Social media is of course a powerful tool in todays society, allowing billions of people across the world to connect at the simple click of a button, and share content from pictures of their pets through to ground breaking discoveries and world-renowned campaigns, and everything in between. This is resulting in the vast majority of the student population now being connected on social media and being heavy, multipurpose users, ever from as young as 8 years old in most places.

This isn’t without it’s negatives, recent research and studies indicate that despite children spending most of their time playing games at first, once in primary school, the shift toward social acknowledgement from media is huge. This is often the first step into a need for approval and social validation, through the need for likes and shares. This also leads to a more anxious state among this age group. This creates a dependant person on what others think about them rather than their own belief system, through editing and the popularity of others and the content that they post, spanning right through to the idolising and following of celebrities who only increase this further.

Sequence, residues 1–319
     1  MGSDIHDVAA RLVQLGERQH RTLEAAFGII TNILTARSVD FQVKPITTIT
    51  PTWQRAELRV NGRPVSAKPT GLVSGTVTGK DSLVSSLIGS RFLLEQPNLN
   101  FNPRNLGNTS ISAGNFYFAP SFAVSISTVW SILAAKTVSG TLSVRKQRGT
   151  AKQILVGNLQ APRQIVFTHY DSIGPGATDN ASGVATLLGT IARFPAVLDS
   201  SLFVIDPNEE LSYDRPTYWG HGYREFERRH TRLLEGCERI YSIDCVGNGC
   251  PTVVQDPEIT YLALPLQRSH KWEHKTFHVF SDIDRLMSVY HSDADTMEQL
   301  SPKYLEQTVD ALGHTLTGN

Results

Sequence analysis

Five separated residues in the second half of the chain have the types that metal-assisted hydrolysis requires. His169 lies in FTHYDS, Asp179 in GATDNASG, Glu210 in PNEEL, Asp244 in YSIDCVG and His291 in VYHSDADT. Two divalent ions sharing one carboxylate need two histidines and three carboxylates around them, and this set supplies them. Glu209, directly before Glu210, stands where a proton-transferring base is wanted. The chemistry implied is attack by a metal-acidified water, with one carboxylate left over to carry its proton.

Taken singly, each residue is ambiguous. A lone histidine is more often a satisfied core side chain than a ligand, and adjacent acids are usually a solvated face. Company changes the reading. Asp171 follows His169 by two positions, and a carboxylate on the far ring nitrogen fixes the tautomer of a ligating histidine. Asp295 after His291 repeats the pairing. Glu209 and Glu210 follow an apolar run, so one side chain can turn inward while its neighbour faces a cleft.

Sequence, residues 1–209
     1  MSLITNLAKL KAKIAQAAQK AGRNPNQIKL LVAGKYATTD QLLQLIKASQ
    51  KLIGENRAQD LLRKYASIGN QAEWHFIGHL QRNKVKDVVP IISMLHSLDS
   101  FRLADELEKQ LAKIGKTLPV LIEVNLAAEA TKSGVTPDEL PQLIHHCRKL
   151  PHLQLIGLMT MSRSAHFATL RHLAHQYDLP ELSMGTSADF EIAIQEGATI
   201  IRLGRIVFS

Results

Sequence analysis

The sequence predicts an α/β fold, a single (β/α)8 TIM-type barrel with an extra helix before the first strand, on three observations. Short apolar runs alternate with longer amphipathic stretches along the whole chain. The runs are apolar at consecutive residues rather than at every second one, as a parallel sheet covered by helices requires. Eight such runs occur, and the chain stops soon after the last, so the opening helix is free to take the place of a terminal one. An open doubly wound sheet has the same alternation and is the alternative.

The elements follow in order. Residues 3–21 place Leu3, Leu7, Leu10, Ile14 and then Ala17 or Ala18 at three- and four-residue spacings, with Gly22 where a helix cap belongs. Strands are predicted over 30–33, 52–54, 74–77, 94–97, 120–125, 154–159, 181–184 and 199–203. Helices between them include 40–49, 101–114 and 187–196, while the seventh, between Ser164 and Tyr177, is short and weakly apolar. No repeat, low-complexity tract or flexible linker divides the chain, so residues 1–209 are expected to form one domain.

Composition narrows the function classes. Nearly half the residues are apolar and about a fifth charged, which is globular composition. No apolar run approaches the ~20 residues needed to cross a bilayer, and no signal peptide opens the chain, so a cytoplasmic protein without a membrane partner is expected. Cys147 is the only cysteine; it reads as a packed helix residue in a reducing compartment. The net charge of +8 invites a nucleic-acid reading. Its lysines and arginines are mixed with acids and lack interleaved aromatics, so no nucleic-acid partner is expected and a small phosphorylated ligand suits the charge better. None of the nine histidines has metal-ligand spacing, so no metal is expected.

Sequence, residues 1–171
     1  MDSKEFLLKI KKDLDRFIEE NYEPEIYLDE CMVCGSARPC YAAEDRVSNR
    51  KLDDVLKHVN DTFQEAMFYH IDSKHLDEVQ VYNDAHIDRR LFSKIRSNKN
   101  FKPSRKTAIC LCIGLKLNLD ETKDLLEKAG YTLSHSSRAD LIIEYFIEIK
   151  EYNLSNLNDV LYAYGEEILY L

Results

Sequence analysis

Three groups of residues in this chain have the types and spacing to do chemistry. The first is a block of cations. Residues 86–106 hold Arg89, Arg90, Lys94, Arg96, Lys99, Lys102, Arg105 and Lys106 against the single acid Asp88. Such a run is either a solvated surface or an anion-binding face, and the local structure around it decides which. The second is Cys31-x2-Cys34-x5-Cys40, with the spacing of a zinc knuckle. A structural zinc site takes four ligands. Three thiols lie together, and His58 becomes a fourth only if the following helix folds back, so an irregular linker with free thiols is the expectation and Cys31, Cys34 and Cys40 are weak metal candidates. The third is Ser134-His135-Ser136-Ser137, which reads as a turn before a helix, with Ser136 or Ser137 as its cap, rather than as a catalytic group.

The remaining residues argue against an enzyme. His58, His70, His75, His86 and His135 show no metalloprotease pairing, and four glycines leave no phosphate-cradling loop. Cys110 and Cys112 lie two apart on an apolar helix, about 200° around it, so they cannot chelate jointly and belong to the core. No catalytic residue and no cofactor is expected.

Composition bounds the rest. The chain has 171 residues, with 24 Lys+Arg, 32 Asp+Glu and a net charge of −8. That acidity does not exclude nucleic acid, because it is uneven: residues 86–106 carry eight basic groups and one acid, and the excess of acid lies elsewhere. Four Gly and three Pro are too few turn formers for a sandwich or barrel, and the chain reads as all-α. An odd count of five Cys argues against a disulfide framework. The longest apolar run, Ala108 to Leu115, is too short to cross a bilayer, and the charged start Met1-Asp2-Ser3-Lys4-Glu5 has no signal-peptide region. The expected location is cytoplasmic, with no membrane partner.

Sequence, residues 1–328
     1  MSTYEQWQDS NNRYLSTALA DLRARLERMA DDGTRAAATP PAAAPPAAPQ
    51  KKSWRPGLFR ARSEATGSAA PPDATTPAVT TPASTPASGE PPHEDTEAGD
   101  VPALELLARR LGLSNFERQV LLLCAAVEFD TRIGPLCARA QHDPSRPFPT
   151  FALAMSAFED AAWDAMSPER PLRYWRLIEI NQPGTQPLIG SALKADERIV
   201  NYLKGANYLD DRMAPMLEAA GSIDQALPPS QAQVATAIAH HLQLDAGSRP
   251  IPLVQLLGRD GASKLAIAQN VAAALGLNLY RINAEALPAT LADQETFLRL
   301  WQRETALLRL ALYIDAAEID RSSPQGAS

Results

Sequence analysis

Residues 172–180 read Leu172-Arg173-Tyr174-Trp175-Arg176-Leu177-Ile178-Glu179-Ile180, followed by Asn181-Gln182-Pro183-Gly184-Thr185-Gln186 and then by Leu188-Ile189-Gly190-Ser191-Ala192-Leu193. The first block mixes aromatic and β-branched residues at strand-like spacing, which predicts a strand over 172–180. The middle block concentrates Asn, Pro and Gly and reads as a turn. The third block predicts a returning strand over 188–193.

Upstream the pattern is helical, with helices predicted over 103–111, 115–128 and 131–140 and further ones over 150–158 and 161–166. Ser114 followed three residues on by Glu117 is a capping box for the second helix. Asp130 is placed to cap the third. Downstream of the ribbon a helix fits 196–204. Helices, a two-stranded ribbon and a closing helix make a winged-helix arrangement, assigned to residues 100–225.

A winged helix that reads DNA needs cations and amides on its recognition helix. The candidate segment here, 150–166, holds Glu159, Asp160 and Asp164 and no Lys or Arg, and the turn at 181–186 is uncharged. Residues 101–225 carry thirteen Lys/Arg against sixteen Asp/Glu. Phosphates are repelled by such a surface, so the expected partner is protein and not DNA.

Despite these negative aspects, social media and how children use it is near impossible to control, and because of this, the only real solution as proposed in the report, is to begin to teach children about these effects that social media can have, and how to cope with them properly. This educating of children on such a sensitive topic is essential in preventing them from possibly developing further underlying insecurities and relying so heavily on social media for approval.